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Nursing homes across the United States routinely give antipsychotic drugs to residents with dementia to control their behavior, despite rules against the misuse of drugs as “chemical restraints,” Human Rights Watch said in a report and video released today. This abusive practice remains widespread, even though the use of antipsychotic drugs on older people with dementia is associated with a nearly doubled risk of death.
The 157-page report, “‘They Want Docile’: How Nursing Homes in the United States Overmedicate People with Dementia,” estimates that every week in US nursing facilities, more than 179,000 people, mostly older and living with dementia, are given antipsychotic drugs without an appropriate diagnosis. Facilities administer these drugs in many cases without obtaining informed consent from residents or their families.
The report is based on visits by Human Rights Watch researchers to more than 100 nursing facilities in six states and more than 300 interviews with people living in facilities, their families, staff, long-term care and disability experts, government officials, and advocates.
Medicare beneficiaries, including elders and disabled persons, are being treated at inpatient and outpatient medical facilities for conditions that may be the result of abuse or neglect. The Elder Justice Act recognizes an older person's rights, including the right to be free of abuse, neglect, and exploitation. In addition, all 50 States have mandated reporter laws for the reporting of the potential abuse or neglect of elders and vulnerable persons. Prior OIG reviews have shown that there are problems with the quality of care and the reporting and investigation of potential abuse or neglect at group homes, nursing homes, and skilled nursing facilities. By analyzing the treating medical facilities' diagnoses, we will determine the prevalence of the potential abuse or neglect of Medicare beneficiaries. We will also determine whether the potential abuse or neglect occurred at a medical facility or at another location, such as the Medicare beneficiary's home.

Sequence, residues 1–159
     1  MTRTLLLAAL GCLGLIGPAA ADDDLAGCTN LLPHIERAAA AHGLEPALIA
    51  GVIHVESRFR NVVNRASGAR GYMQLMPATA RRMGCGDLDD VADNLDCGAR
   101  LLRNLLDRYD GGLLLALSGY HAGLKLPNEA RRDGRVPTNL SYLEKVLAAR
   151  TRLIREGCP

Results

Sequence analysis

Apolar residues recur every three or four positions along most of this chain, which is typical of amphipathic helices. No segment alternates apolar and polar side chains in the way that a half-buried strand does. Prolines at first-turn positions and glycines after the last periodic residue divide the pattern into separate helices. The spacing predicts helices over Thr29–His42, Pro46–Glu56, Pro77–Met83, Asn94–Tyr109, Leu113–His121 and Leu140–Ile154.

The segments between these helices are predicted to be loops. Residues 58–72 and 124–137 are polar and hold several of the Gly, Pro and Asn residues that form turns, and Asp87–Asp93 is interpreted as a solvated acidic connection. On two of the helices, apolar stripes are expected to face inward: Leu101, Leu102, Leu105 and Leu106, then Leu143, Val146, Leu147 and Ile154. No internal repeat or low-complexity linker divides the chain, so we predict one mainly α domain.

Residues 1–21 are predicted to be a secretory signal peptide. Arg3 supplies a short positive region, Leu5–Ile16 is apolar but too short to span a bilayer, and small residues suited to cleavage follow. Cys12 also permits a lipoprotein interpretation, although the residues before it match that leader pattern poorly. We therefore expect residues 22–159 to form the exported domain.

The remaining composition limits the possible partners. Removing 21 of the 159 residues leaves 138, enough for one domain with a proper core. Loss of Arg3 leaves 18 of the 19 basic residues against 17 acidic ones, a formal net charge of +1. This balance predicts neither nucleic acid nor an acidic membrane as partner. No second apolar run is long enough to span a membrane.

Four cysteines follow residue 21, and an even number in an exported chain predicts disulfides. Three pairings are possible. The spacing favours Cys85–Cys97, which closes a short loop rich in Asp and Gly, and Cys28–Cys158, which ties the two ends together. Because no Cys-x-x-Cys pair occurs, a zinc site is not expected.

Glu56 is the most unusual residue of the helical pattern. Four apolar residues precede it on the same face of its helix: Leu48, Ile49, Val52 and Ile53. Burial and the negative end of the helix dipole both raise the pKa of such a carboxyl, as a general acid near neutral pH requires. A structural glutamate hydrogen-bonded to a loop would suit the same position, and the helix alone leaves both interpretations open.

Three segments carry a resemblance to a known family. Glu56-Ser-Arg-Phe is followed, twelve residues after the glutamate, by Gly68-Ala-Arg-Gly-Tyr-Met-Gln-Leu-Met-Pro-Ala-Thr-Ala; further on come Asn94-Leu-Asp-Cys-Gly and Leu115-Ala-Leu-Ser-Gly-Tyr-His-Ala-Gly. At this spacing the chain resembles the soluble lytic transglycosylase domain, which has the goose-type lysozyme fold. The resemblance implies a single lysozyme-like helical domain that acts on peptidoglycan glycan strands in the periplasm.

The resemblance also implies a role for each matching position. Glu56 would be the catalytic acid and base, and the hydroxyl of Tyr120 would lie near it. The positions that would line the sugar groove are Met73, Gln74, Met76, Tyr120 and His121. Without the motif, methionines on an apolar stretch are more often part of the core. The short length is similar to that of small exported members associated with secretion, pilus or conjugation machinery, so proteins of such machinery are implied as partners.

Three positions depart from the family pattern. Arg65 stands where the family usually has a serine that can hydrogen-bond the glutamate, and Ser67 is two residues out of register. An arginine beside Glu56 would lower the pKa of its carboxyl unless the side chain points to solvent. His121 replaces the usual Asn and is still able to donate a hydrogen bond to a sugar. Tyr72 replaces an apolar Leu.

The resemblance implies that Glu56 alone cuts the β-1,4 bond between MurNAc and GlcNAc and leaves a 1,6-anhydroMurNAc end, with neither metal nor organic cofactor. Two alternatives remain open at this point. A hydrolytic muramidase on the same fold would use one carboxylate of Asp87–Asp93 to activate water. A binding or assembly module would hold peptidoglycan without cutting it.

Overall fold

CMS has established a Cyber Emergencies resource page.
The Office of Inspector General (OIG) recently issued an early alert about its investigation into the reporting of abuse or neglect to law enforcement by skilled nursing facilities. “We identified 134 Medicare beneficiaries whose injuries may have been the result of potential abuse or neglect that occurred from Jan. 1, 2015, through Dec. 31, 2016,” said the OIG. “We also found that a significant percentage of these incidents may not have been reported to law enforcement.”
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